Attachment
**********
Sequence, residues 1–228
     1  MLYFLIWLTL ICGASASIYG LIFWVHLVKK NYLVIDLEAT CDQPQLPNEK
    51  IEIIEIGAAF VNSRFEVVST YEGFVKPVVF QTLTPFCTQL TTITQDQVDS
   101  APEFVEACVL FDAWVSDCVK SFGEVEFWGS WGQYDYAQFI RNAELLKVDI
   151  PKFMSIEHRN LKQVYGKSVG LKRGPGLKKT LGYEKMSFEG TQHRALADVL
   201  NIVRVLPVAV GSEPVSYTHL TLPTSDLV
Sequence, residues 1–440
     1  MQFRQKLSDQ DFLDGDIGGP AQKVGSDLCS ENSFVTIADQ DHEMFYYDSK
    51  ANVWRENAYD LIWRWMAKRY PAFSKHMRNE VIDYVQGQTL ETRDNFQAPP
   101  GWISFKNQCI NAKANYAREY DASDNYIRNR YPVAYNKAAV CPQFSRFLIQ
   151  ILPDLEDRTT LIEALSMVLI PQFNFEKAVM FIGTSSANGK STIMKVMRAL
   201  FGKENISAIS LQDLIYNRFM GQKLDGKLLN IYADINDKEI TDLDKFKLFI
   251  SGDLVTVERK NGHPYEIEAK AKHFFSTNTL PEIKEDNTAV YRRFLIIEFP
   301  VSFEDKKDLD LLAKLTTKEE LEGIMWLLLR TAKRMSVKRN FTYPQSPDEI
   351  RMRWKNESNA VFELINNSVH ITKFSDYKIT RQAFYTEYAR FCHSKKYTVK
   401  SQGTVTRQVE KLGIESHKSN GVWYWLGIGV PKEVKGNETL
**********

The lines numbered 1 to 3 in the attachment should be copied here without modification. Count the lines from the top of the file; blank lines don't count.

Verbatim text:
Sequence, residues 1–228
     1  MLYFLIWLTL ICGASASIYG LIFWVHLVKK NYLVIDLEAT CDQPQLPNEK
    51  IEIIEIGAAF VNSRFEVVST YEGFVKPVVF QTLTPFCTQL TTITQDQVDS